The Board, in adopting the opinion and order of the referee, was of the view that appellees had failed to prove Bryant's death was the proximate result of "a personal injury sustained by the employe by accident" in accordance with the Board's interpretation of the foregoing subsection. It reserved consideration as to whether Bryant's death arose "out of and in the course of his employment." In reaching its result, the Board relied upon Rue v. Kentucky Stone Co., 313 Ky. 568, 232 S.W.2d 843; Coleman Mining Co. v. Wicks, 213 Ky. 134, 280 S.W. 936; and Wallins Creek Collieries Co. v. Williams, 211 Ky. 200, 277 S.W. 234. However, a close examination of these cases reveals that in each one a "disease" was involved. KRS 342.005 specifically provides that where a "disease" is in the picture, a "traumatic injury" must be shown, and, in view of this fact, the above cases can scarcely be considered authority for the proposition that where no disease is present, a traumatic injury nevertheless is required, such as in the case before us. We must therefore decide whether this provision relates to "all" types of injury and not simply to those of traumatic nature which is required where a disease pre-exists.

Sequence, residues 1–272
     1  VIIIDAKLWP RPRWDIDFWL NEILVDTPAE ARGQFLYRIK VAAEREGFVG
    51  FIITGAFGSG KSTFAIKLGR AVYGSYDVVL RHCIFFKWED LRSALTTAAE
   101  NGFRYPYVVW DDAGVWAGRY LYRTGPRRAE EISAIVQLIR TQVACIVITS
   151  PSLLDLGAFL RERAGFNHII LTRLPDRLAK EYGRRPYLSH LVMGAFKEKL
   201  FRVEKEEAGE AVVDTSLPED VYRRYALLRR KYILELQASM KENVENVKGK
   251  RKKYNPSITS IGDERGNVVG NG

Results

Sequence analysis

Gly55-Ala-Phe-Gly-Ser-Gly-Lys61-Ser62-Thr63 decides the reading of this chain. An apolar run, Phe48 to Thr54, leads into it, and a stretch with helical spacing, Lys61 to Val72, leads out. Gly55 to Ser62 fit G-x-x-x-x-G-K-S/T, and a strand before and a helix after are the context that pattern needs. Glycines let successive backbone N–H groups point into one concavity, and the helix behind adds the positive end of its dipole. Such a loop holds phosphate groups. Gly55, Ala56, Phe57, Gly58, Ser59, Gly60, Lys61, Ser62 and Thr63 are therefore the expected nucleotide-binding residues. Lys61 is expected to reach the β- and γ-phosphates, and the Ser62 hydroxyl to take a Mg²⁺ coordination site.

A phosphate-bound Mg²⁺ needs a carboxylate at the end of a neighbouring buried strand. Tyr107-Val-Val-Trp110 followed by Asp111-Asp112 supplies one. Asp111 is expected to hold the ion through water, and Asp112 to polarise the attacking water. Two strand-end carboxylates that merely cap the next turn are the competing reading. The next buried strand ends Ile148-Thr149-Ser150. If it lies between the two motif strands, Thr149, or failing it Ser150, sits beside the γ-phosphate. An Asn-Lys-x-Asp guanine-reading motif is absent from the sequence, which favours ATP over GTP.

It may be pointed out that many workmen's compensation laws, unlike ours, contain a specific definition of the word injury. See Schneider, Workmen's Compensation Statutes, Vols. 1-4, Alabama to Wyoming, and the material contained therein. It may also be stated that in the majority of those states where the courts have found themselves unrestrained by legislative definition, shock, exertion and fright resulting in injury or death have been held compensable injuries within the meaning of their compensation laws. See Horovitz, Injury and Death Under Workmen's Compensation Laws, pages 72-75. In Am. Jur., Workmen's Compensation, section 194, page 74, the words "injury" and "personal injury," as used in these acts, are defined as "meaning any lesion or change in the structure of the body, causing harm thereto and a lessened facility of its natural and normal use."

The implication to be drawn from the definition just mentioned is that the word injury, when used without any qualifying words, such as traumatic, is to be given its broadest possible scope. This of course has been done in many forums where compensation has been sought for injury as a result of shock, nervous excitement, exposure and overexertion. In Klein v. Len H. Darling Co., (Mich.) 187 N.W. 401, the deceased dropped a radiator through a hole in the floor and it struck a fellow employee. The deceased suffered shock. His condition became worse and he died two weeks later. It was held that shock in this instance was an "accidental injury." In Guay v. Brown Co., 83 N.H. 392, 142 A. 697, the deceased overexerted himself, collapsed and died. The court, in deciding he suffered a compensable injury, said: